Speaking of Women's Rights: 04/18

Tuesday, April 10, 2018

The Gender Wage Gap, By the Numbers

By Andrew Kashyap

On Equal Pay Day it’s critical to remember that the pay gap is not equal for all women. The wage gap is wider for women of color, and for other marginalized women including lesbians, transgender women, and women with disabilities.

While White women make 79 cents for every dollar made by their White male counterparts those figures drop to 63 cents for Black women, 57 cents for Native women, and 54 cents for Latinas. While Asian women on the whole make 87 cents for every dollar earned by White Men, that shrouds the fact that subgroups among Asian women experience some of the highest disparities, such as Vietnamese women at 62 cents and Native Hawaiian and Pacific Islander women at 59 cents of every dollar earned by White men. 

Those wage gaps translate into huge annual earnings losses for women of color. The following figures put that in perspective: 
  • $21,698 for Black women
  • $24,007 for Native women
  • $26,403 for Latinas
This racial wage gap for women of color is grounded in other racial inequities in our society that impact wages. Education is a factor: Black and Latina women have the lowest rates of college degrees among women which results in lower wages. Occupational segregation by gender and race is another critical factor; while women overall are overrepresented in low wage occupations such as service sector and clerical jobs, and men underrepresented in these jobs, women of color are twice as likely as their white female counterparts to be employed in low wage jobs. Eliminating the racial wage gap means dismantling some deeper disparities in our economy and a multi-pronged approach to solutions. 

The bottom line: it is clear that the intersection of race and gender compounds the pay gap further. We must continue to elevate and address this reality—in the same breath that we discuss the overall gap based solely on gender.

Likewise, intersections of sexual orientation and gender identity further reduce women’s wages:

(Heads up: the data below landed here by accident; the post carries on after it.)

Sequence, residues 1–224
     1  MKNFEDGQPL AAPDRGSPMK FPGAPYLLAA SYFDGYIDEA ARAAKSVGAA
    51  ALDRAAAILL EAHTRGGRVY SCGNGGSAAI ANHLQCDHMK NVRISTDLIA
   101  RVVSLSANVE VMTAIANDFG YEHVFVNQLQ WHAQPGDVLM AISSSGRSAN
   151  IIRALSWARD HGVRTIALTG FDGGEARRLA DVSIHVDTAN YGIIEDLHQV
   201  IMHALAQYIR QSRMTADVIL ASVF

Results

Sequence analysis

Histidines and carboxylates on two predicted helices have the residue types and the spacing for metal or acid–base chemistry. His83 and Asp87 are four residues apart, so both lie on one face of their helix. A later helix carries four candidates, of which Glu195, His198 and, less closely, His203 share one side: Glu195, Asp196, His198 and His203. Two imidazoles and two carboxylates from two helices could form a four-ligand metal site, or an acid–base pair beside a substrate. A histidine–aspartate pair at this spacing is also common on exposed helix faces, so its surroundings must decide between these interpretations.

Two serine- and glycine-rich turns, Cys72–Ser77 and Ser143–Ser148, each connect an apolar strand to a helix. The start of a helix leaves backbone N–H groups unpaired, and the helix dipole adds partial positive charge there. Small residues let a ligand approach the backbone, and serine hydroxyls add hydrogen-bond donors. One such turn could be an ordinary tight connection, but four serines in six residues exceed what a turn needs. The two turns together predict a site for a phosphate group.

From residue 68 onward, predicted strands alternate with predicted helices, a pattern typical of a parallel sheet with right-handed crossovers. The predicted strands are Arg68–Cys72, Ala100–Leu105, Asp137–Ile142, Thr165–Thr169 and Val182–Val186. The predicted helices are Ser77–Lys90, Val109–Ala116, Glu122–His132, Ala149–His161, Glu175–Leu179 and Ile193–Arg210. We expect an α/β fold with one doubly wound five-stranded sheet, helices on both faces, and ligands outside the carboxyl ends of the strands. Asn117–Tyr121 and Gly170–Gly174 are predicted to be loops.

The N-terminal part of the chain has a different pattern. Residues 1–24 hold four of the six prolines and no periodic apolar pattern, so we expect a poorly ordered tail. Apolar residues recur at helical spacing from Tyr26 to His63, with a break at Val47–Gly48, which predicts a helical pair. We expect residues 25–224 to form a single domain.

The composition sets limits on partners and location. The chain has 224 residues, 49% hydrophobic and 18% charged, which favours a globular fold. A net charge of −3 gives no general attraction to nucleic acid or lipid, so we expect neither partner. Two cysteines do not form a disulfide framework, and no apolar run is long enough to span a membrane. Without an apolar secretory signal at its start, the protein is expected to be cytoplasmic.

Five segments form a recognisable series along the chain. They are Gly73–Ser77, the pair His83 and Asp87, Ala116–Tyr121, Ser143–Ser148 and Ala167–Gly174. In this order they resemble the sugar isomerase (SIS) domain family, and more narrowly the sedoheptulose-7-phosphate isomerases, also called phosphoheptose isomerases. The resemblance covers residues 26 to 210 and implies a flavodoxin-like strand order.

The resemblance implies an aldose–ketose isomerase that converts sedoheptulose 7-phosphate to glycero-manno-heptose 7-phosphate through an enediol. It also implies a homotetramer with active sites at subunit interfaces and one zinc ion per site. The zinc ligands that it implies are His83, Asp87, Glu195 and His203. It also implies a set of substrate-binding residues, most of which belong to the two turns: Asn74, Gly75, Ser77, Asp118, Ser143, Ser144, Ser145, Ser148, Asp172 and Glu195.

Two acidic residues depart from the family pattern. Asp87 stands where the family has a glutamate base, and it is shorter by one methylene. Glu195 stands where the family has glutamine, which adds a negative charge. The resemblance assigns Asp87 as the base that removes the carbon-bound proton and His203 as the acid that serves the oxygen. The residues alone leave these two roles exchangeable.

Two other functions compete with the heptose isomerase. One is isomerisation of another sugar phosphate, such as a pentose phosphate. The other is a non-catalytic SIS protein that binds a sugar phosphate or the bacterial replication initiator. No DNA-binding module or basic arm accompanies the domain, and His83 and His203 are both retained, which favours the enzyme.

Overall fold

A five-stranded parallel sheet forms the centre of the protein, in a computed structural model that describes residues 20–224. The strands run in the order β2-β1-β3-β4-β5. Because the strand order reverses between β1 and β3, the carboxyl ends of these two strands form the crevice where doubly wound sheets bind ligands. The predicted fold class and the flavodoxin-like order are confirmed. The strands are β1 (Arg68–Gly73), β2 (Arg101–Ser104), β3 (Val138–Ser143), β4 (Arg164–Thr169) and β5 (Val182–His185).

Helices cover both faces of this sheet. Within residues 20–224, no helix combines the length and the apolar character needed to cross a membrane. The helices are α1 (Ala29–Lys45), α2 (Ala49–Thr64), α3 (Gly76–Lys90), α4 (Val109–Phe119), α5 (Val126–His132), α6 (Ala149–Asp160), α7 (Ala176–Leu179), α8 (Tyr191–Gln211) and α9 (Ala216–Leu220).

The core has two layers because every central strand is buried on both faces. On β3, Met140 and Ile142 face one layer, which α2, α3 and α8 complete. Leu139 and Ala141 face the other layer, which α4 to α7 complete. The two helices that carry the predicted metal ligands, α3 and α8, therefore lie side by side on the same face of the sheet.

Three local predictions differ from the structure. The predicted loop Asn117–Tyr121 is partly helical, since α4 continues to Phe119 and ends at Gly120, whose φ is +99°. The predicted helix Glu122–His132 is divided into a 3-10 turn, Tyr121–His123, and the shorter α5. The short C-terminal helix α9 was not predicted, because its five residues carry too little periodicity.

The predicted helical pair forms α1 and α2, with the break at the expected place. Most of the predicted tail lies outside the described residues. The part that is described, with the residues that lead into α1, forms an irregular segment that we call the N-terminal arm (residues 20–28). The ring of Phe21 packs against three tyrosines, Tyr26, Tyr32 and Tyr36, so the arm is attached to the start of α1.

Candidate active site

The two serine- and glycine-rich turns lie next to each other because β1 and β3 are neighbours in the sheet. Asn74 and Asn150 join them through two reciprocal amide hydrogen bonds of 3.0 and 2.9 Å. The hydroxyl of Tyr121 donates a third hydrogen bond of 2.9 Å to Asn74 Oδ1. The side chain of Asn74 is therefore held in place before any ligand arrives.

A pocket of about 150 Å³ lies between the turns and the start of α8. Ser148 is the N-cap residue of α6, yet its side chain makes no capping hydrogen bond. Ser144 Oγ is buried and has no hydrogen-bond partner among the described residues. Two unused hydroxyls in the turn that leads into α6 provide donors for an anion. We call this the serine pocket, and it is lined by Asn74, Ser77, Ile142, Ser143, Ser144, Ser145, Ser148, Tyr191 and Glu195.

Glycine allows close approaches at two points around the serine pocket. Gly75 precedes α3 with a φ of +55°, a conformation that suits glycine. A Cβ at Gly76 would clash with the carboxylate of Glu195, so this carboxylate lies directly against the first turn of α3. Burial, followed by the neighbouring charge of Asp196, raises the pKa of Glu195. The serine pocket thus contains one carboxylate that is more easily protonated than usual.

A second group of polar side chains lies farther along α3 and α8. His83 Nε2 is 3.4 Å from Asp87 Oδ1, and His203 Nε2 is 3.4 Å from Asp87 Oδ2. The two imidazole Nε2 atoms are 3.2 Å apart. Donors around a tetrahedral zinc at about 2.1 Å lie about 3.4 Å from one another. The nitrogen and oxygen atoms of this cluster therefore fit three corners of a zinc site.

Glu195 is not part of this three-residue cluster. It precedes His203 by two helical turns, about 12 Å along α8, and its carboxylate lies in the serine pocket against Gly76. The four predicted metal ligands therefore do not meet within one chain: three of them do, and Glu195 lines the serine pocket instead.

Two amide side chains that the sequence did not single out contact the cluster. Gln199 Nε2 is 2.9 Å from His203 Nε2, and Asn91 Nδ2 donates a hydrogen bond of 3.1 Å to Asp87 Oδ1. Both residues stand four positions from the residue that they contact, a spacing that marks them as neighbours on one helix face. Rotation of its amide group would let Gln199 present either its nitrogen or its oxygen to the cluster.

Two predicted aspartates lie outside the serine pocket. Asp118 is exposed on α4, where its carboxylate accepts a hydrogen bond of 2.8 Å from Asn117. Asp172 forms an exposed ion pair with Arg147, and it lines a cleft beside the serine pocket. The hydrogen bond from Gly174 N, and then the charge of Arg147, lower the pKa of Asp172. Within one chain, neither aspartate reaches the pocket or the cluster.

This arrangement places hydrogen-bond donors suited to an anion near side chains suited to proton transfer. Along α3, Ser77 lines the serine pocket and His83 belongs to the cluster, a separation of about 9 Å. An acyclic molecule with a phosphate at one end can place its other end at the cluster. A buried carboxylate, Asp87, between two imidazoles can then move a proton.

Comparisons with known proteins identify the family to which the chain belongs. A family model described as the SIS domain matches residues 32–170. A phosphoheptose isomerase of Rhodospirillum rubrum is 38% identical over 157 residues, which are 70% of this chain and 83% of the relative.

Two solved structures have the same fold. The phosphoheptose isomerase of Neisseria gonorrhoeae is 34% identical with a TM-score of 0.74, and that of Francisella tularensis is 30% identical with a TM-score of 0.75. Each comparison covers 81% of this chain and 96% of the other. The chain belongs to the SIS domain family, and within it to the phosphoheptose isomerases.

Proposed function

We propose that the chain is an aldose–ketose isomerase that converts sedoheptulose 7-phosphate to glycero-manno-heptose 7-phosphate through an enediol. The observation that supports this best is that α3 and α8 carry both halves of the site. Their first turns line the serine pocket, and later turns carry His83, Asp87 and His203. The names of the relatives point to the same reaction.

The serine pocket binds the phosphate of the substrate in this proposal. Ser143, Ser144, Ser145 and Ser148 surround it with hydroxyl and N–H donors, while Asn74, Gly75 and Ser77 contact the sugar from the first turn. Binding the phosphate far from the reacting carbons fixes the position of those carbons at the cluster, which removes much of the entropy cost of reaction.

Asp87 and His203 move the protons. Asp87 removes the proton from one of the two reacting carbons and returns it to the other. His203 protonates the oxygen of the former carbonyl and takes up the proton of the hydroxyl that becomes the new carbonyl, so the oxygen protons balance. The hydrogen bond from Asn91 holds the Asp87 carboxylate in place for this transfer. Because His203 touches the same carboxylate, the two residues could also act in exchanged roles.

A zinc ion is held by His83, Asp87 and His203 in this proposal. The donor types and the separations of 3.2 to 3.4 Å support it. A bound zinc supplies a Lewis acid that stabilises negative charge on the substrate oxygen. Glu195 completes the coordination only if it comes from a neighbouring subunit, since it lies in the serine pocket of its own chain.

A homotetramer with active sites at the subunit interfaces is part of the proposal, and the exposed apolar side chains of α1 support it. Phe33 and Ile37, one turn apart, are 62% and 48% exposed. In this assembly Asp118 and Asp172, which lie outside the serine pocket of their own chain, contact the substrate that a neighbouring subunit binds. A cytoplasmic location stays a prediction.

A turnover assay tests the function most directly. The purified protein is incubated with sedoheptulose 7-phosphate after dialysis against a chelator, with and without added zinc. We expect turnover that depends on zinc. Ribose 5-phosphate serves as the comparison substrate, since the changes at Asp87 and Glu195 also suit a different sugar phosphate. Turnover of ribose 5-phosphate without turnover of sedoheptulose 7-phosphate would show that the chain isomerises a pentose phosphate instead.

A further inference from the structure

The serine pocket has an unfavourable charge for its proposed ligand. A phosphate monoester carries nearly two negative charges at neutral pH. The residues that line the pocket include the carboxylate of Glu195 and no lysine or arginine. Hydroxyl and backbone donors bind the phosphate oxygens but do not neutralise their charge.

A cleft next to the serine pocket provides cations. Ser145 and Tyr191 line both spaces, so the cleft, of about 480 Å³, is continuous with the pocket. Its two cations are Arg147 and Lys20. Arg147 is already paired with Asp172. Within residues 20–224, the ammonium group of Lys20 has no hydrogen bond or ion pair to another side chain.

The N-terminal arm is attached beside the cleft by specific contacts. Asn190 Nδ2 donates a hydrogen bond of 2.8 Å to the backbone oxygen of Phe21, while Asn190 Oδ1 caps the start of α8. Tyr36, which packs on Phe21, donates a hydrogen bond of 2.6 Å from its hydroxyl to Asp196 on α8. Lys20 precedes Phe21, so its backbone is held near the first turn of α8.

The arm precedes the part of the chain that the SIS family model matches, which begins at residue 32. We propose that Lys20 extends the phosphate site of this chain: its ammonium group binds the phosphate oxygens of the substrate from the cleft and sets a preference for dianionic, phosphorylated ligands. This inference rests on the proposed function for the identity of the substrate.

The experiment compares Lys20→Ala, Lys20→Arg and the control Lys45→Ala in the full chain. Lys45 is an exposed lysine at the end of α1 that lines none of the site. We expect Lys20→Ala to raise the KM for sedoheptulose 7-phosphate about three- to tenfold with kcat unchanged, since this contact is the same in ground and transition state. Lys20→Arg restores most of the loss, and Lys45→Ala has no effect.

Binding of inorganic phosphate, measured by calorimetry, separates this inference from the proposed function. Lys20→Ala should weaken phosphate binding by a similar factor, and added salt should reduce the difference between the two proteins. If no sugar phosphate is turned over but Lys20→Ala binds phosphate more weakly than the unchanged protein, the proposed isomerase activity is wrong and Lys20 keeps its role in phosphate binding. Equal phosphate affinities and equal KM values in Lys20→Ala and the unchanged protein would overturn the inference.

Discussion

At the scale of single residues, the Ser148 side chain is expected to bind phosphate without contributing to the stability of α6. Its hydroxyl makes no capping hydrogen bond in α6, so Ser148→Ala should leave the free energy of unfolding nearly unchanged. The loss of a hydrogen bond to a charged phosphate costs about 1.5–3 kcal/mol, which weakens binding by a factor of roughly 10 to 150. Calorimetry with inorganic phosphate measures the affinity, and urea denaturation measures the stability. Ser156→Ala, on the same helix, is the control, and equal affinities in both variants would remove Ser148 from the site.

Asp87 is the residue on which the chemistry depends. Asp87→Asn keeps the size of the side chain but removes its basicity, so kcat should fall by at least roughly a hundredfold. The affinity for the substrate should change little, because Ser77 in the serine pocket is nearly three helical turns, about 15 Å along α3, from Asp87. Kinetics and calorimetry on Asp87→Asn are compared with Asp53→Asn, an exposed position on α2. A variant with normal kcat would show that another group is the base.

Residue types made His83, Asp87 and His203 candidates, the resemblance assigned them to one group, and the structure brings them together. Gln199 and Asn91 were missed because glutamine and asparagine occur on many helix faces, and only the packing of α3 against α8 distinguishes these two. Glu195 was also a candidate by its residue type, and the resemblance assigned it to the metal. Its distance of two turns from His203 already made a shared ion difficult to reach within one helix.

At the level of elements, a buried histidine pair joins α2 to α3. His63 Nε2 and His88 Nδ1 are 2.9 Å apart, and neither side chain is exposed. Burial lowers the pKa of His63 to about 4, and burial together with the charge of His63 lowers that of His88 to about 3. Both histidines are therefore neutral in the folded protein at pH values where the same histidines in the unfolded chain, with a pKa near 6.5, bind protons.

• Lesbian women make less than men, regardless of the men’s sexual orientation. According to the most recent analysis available, women in same-sex couples have a median personal income of $38,000, compared to $47,000 for men in same-sex couples and $48,000 for men in different-sex couples.
  • Transgender women make less after they transition. One study found that the average earnings of transgender women workers fall by nearly one-third after transition. 
The wage gap also has a disparate impact on workers with disabilities. Women with disabilities working full time, year round are typically paid just 73 cents for every dollar men without disabilities make and 76 cents of what men with disabilities make.

Equal Pay Day is an important day to recognize the continuing struggle against systemic discrimination based on gender, signified by the fact it takes more than four extra months for a woman to earn what a man makes in a year. But it is also a day to recognize the distinctions among different communities of women that result in even higher wage gaps for those living at the intersection of multiple marginalized identities. 

The racial pay gap for women of color is massive, and policies that contribute to it are pervasive. Legal Voice calls for concentrating our focus and efforts on eliminating the pay gap—and other similar barriers to gender justice—on those women who are impacted the most.

Andrew Kashyap is Senior Attorney at Legal Voice, where his work focuses on economic justice.

Photo by NeONBRAND on Unsplash